The United Nations is reporting huge improvements in Zimbabwe's prenatal, newborn and maternal health care over the past five years.
However, the U.N. Children's Fund says the survey indicates that Zimbabwe must continue working to improve health standards.
According to research findings released Friday, Zimbabwe’s infant and maternal mortality rates have declined by 20 and 36 percent, respectively, since 2009.
The number of pregnant women who received prenatal care increased from 57 to 70 percent, while mothers accessing care after giving birth had soared from 27 to 78 percent.
The UNICEF research was funded by the European Union and the government of Zimbabwe.
Much of Zimbabwe's progress is due to assistance from a multinational fund dedicated to improving health care for mothers, newsborns and young children.
Despite these encouraging results, UNICEF's chief representative in Zimbabwe, Reza Hossaini, says it is still too early to say all is well with early child care in the southern African country.
“Let us keep in mind that, yes, we have won battles here and there," said Hossaini. "We have bent the [trends of] maternal mortality, but we have really not won the war as yet. These gains cannot be sustained and further progress cannot be made if we lose our focus from those strategic choices that we have made, now that we know they have delivered positive results.”
Two of those strategic choices were investing in the health sector's human resources and making sure that the country maintains adequate supplies of necessary drugs.
Failure on those fronts was the major undoing of Zimbabwe’s health sector over the past two decades.
It was only after organizations such as the U.S. Agency for International Development and the European Union poured in money that the situation changed.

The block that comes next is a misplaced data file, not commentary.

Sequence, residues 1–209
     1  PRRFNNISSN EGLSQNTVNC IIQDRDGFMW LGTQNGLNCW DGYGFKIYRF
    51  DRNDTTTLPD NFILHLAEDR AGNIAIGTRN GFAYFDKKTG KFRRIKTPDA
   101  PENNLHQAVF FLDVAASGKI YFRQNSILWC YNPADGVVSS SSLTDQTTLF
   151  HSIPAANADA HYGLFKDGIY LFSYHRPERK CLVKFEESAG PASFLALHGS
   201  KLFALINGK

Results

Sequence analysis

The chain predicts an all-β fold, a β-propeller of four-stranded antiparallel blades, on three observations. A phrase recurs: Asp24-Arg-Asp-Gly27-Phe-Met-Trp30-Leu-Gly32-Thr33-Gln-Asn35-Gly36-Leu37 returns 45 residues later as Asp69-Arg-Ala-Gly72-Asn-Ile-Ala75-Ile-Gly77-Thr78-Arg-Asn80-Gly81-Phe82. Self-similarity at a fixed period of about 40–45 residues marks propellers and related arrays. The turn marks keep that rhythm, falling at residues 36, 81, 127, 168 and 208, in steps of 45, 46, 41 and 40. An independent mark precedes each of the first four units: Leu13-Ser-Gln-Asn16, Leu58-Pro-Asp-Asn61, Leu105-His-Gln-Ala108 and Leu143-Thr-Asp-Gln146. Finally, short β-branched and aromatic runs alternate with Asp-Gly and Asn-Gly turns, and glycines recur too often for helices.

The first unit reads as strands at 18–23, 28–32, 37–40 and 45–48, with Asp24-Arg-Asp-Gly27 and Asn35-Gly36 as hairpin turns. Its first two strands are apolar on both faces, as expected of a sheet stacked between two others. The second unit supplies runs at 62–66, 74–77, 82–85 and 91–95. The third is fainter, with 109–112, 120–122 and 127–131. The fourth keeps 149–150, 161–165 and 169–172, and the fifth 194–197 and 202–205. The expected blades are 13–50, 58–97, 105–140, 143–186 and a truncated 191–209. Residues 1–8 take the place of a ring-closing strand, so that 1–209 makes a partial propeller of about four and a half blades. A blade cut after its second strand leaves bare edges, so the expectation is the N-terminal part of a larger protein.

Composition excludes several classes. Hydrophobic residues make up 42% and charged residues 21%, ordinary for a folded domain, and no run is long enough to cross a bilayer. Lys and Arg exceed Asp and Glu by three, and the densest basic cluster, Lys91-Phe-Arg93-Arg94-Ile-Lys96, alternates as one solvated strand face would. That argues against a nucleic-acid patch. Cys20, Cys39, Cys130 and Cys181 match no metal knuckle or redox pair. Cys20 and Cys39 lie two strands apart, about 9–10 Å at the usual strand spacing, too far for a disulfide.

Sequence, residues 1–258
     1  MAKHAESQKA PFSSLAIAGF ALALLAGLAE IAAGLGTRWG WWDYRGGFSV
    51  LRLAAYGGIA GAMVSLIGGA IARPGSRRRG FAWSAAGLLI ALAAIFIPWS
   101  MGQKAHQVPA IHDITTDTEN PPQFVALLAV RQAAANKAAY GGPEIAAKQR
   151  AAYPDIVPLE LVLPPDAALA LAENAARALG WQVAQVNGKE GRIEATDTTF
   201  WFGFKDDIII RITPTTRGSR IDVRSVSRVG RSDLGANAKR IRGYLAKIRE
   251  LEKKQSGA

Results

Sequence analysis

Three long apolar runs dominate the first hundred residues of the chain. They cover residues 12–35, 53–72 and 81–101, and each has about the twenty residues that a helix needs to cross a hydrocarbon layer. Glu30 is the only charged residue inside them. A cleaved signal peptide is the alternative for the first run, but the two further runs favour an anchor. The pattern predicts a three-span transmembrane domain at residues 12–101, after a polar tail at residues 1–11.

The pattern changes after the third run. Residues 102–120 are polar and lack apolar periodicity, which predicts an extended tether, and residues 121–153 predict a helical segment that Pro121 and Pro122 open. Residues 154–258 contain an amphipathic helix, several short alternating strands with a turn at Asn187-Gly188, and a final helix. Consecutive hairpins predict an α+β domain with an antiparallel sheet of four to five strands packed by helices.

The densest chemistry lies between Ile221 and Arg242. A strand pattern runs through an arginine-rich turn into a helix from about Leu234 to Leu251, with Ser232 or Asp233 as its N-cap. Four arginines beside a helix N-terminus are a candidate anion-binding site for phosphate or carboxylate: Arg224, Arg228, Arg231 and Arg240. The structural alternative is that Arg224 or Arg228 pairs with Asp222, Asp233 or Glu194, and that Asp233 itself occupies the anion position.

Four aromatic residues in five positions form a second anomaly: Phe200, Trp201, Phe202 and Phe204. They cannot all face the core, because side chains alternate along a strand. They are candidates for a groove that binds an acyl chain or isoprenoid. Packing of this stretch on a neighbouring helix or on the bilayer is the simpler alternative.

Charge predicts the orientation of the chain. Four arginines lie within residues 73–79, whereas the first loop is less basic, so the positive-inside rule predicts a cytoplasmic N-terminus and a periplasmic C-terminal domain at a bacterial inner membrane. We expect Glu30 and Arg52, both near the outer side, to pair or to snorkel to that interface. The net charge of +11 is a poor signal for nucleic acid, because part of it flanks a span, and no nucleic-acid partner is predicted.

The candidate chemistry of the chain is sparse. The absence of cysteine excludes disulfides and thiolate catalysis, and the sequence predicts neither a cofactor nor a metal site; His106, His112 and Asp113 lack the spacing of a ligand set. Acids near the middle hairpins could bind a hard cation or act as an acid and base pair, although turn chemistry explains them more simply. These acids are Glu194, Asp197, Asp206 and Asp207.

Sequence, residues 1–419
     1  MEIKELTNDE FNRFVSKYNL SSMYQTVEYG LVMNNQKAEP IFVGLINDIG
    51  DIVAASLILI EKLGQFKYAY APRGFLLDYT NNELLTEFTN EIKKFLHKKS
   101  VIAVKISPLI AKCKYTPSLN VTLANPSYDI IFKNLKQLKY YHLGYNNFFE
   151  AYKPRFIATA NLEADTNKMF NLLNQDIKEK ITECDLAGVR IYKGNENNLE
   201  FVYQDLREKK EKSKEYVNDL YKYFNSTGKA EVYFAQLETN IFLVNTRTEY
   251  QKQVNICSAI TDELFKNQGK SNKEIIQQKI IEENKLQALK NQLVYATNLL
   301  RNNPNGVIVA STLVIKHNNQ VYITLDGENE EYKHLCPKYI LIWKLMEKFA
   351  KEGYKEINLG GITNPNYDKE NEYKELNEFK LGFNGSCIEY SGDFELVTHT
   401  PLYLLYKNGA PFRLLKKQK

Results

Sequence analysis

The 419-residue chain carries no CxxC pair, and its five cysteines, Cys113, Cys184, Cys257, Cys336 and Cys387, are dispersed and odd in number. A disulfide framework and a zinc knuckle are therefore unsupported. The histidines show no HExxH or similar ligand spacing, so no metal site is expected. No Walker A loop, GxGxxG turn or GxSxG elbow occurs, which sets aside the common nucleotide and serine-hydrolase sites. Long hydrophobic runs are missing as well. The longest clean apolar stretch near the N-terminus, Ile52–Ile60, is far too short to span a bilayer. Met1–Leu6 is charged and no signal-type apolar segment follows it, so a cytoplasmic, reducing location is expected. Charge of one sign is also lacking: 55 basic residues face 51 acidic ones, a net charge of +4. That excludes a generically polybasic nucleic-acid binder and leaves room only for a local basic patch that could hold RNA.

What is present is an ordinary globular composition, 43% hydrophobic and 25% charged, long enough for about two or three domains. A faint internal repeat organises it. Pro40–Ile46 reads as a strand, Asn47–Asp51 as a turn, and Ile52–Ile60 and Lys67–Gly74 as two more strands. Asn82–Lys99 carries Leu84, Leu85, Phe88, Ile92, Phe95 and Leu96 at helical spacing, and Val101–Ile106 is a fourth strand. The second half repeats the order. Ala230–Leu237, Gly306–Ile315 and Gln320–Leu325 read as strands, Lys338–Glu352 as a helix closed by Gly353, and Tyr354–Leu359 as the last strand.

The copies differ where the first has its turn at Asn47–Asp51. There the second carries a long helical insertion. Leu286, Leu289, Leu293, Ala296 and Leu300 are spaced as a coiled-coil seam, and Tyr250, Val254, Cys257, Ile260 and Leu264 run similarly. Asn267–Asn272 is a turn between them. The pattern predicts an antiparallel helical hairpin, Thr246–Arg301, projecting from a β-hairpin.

Itai Rusike, who heads the Community Working Group on Health, an organization fighting for all Zimbabweans to enjoy health care, expressed optimism about the UNICEF report.
“Generally it is a good report," said Rusike. "It gives us hope in the sense that the indicators are kind of improving. But this report has to be linked up to what is happening on the ground.”
But he added there a dire need for better water and sanitation in most parts of Zimbabwe persists. More than 30 percent of Zimbabweans still do not have access to safe drinking water, the research showed, and Rusike said the real number is likely higher than that, since most water taps in urban areas are dry.
Dr. Gerald Gwinji, permanent secretary at Zimbabwe's Ministry of Health, is more upbea, calling the new health report one that gives the country a sense of direction.
"We now have to work on issues of quality and equity," he said. "These survey results are going to be one of our pillars of our next health strategy, and the next step is to do a bottleneck analysis [of the] ministry of health and child care. This will help to determine where to focus to help further improve on our health indicators."
Gwinji said Zimbabwe’s maternal mortality rate — 614 deaths in every 100,000 pregnancies — and infant mortality rate of 75 per 100,000 are still too high. He says further investment can reduce those losses.